Subjectivism in Aesthetics

July 12, 2006 at 12:31 am 2 comments

I don’t quite understand why so many people (even philosophers) find subjectivism in aesthetics so compelling… I suppose I used to, but then I became a philosopher, and ever since have found myself wondering why this doctrine is so pervasive.

Subjectivism is the view that there are no good or bad works of art, its all subjective (relativistic).

The best approach to subjectivism is to give a soft defense of a more objective approach to art,

(S) With regard to art, things such as beauty and status may be true even given a diversity of opinion.

Points commonly made in defense of subjectivism,

i. No one can agree on what is ‘good’ art and what is ‘bad.’ This does seem to be true sometimes, especially with movies or abstract art. But is this really true. Many times it is true, but many times it isn’t. Many of the people who claim art is subjective, will avoid going to see a “bad” movie-and they aren’t the only ones. Movies and other arts forms can be seen as good and bad by a number of different people, i.e. whether a book, or movie has a good story. If we really believed this about movies and other forms of art, what would be the point of movie and books reviews and art critics? Of course this doesn’t mean they are always accurate, or that disagreements don’t exist. It is rather that there is more of a consensus than the subjectivist would have us believe.

But let us suppose this isn’t true. Let us suppose that there aren’t a number of times when consumers and critics can predict popularity/unpopularity with regard to specific pieces of art. Let us also suppose that no two people see exactly the same thing about any one piece of art. So what?! This would only prove that a number of people believe different things. If everyone disagreed about the existence of the sun, it wouldn’t suddenly cease to exist. In other words, something can be true independent of what people believe. This hardly proves subjectivism.

2. The standards for deciding what is “good” art and what isn’t aren’t very clear. This seems to be a very bad objection to the notion of objectively deciding between good and bad art. First off, this has little to do with the actual truth of whether there are objective differences between good and bad art, but rather what criteria we could appeal to in order to justify our claims that this piece of art is good or bad. In other words, the objection fails to distinguish metaphysical claims with epistemic ones; just because we lack knowledge of x, it does not follow that x does not exist. In other words, lack of consensus does not prove (by itself) subjectivism.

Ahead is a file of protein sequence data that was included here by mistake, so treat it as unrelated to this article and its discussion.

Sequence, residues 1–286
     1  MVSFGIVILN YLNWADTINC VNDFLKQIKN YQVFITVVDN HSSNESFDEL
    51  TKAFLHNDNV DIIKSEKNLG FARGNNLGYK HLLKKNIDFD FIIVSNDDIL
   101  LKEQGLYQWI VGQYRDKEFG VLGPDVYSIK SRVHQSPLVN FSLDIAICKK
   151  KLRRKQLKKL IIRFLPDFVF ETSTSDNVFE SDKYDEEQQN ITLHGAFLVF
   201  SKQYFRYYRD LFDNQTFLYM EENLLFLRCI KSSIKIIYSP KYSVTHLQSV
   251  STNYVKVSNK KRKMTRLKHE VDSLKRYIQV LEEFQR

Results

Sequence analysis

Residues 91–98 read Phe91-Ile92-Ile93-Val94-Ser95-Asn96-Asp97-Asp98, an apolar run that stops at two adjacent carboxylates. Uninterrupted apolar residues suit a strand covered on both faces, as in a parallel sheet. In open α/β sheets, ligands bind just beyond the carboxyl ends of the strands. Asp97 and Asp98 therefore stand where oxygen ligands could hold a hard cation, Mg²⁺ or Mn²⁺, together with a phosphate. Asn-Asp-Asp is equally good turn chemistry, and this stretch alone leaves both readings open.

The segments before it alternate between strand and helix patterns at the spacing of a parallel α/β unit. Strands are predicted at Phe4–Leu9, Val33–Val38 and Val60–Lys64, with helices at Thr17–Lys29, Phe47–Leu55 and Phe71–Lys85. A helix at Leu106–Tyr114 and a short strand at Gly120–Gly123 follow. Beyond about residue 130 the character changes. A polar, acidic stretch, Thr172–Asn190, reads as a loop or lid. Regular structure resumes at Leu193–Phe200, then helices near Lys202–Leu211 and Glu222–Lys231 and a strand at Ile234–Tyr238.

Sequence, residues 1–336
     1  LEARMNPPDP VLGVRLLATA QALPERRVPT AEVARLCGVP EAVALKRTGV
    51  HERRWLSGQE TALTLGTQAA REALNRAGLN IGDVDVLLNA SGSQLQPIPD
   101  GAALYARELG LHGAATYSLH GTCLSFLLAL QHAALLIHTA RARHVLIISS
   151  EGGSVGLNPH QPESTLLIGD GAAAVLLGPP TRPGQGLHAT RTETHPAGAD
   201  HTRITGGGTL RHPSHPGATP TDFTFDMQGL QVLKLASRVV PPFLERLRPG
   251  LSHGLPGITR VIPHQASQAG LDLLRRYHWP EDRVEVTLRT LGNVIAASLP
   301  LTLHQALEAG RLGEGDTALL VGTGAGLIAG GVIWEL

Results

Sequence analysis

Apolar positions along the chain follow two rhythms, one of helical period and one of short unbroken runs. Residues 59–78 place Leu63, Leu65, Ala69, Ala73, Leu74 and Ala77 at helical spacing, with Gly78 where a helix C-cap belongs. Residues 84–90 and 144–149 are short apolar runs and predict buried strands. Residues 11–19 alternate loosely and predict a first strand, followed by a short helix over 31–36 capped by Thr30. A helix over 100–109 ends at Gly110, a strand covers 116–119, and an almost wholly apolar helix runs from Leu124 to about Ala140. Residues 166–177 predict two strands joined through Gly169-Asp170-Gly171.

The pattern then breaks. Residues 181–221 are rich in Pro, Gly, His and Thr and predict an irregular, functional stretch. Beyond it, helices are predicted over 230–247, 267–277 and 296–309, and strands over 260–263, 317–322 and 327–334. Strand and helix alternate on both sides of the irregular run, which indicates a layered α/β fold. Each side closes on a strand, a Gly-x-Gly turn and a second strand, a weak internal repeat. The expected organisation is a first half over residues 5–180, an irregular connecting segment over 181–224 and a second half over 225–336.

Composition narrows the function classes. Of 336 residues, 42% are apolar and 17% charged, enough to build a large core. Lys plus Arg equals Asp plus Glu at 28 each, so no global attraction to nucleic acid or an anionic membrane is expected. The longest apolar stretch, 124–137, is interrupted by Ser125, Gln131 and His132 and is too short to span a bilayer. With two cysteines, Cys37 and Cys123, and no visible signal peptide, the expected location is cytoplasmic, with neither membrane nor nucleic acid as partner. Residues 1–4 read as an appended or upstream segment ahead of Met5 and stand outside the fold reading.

This is a criteria issue rather than lacking a metaphysical basis for making a claim that a piece of artwork is good or bad. But it is more than a general-criteria issue. It is about an empirical-crtieria issue; there is nothing we can point to in order to make the judgement that this or that piece of art is good.

Ultimately, the problem with aesthetic subjectivism is that it is inconsistent. Many of the reasons given for aesthetic subjectivism could easily be given for religious, ethical and empirical subjectivism, and yet they are not, which is partly why arguments for aesthetic subjectivism don‘t work. What criteria can we use to justify sense perception, WITHOUT begging the question? One need only look back to the history of philosophy to understand how hard such a task would be, unless one is prepared to beg the question. Of course far fewer people have questioned the basis for making perceptual judgments rather than aesthetic judgments, but this doesn’t make perceptual judgments any more grounded; truth isn’t decided by numbers. It does demonstrate an inconsistency, in that people who lack a solid basis for making “objective” perceptual judgments, use the lack of criteria as a criticism of aesthetic judgments. I am not maintaining that one cannot make perceptual judgments, but rather that one can make aesthetic judgments; at least some of the time.

(Some who advocate subjectivism also mistake the notion of something being subjective with something being certain, private or individual. Something can be certain and yet private or individual. Something can be private and yet not individual or certain. And something can be individual without being certain or private. These varieties of subjectivism need to be distinguished. We can also take subjective experiences to be very certain, ie. the content of one’s own conscious experience).

There are a few others, but they are just as weak as the two “defenses” of aesthetic subjectivism already discussed. It is not unreasonable to maintain that at least on a few occasions, valid aesthetic judgments can be made– its not all individually-subjective!

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Entry filed under: metaphysics, social philosophy.

Compatiblism and Theism Burgess-Jackson and What Philosophers Do, Part Two

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